Free routing offered in North European airspace

Six North European countries have decided to work together to implement Free Route Airspace in the entire airspace over Denmark, Sweden, Norway, Finland, Estonia and Latvia.
The airspace area includes the functional airspace blocks, DK-SE FAB (Denmark and Sweden) and NEFAB (Norway, Finland, Estonia and Latvia).
With Free Route Airspace the airlines will be able to plan the shortest or optimal route and thus reduce fuel consumption as well as flying time. The impact of the lower fuel consumption will be a substantial reduction in emission of CO2 and other environmentally unfriendly gasses and particles.
The Free Route Airspace will generally be open for flights over 28500 feet, but it is possible for the individual ANSPs to give access to the service even below this level. The ANSPs behind the joint programme is Avinor (Norway), Estonian ANS (Estonia), Finavia (Finland), LFV (Sweden), LGS (Latvia) and Naviair (Denmark).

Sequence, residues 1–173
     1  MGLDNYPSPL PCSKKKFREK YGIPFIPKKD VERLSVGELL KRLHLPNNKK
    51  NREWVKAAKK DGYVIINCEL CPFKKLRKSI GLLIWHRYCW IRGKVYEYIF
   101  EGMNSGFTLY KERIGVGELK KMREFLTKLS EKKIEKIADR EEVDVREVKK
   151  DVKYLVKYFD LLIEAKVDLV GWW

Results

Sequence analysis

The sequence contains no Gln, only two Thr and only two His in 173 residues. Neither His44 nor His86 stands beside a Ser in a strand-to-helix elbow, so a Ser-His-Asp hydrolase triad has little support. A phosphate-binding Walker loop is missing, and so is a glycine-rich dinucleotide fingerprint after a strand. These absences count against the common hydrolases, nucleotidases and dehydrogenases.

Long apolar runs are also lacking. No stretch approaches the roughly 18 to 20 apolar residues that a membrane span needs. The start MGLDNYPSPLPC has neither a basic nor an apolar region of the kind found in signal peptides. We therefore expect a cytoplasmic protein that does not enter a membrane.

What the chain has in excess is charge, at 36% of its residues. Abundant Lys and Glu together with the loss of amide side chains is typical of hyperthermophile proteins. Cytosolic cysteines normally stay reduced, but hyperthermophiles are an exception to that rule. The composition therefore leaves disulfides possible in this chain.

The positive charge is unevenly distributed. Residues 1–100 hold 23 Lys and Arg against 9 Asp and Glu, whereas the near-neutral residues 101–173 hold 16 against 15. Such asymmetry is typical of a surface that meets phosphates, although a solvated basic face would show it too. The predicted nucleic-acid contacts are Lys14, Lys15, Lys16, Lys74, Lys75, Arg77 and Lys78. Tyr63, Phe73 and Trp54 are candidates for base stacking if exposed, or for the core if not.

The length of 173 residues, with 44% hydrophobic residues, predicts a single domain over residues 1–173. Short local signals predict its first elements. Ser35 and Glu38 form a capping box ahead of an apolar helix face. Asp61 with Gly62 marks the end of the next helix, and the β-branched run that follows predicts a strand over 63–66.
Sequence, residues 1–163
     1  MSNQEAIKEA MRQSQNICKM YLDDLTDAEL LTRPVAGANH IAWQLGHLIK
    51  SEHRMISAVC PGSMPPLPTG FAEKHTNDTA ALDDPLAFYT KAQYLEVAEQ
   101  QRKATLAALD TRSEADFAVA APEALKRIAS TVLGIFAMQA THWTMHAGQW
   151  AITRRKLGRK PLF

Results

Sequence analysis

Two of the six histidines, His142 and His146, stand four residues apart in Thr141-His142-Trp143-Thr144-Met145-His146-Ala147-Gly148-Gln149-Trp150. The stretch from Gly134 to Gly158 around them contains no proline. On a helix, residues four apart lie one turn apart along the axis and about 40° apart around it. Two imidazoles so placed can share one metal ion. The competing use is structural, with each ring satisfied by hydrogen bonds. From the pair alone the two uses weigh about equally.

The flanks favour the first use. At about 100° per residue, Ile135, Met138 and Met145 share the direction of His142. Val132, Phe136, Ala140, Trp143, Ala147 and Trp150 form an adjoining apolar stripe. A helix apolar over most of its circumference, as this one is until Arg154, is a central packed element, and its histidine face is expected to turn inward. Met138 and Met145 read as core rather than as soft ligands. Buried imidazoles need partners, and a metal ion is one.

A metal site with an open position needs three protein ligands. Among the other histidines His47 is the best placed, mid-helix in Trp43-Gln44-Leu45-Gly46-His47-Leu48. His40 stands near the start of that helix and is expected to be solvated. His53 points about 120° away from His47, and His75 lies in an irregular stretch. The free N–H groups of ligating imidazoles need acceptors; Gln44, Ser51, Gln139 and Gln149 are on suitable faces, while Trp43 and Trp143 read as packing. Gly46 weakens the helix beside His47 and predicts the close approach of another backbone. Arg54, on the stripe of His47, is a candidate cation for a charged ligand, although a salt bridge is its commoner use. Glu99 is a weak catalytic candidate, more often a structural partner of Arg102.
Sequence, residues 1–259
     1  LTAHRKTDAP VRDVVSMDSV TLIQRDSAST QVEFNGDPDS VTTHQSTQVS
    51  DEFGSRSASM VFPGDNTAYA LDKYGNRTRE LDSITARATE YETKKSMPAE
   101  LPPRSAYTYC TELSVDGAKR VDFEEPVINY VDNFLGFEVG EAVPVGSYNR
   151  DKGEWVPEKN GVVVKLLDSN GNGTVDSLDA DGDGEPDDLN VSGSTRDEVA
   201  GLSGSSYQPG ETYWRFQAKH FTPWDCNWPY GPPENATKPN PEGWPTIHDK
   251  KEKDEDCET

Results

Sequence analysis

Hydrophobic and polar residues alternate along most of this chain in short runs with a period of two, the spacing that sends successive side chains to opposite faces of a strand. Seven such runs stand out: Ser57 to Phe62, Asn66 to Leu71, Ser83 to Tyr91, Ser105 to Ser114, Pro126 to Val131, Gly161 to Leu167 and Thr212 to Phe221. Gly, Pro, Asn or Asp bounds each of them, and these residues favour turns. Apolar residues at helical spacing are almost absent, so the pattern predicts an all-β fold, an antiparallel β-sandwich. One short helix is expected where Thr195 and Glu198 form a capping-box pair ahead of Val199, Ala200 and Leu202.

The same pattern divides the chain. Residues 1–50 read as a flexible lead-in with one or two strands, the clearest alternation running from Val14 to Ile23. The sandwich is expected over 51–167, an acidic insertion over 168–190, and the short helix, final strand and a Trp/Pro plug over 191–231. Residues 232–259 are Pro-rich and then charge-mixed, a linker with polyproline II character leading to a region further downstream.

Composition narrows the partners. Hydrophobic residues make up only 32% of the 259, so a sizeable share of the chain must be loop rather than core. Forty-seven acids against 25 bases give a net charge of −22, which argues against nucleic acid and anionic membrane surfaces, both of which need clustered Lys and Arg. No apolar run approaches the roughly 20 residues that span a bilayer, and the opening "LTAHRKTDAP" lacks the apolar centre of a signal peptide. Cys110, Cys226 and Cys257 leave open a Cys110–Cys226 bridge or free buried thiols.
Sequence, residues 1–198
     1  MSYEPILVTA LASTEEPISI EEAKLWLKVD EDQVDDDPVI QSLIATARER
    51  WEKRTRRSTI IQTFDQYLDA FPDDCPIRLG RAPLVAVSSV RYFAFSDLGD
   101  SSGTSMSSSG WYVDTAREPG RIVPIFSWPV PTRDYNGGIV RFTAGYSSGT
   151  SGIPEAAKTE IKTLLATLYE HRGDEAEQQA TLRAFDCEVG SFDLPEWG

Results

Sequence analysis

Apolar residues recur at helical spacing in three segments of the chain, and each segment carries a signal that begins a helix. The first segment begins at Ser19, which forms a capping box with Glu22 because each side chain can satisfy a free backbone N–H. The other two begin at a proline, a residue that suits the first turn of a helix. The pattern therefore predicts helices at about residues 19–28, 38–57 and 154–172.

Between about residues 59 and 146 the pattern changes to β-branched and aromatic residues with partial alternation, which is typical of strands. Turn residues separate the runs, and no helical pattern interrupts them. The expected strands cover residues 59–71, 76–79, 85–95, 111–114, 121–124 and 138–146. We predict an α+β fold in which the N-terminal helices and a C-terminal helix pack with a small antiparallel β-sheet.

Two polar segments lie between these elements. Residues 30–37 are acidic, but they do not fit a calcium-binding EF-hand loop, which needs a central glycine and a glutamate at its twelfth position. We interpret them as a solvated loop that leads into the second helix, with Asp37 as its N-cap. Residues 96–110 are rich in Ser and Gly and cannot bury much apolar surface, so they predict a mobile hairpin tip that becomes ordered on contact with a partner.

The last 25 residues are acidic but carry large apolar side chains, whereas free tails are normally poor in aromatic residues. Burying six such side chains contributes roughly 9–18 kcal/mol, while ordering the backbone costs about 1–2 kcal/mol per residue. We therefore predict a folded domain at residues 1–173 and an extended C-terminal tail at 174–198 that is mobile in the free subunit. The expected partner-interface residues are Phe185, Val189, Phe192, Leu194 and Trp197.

“Our common initiative will bring Air Traffic Control in Northern Europe to a new level and is a substantial step towards harmonisation of Air Traffic Management in Europe implementing the intentions in EUs Single European Sky programme,” said Tanel Rautits, CEO of Estonian ANS and chairman of the steering board.
The technical and procedural preparations have already been started, and the partners have set November 12, 2015, as the target date for the full implementation of Free Route Airspace.

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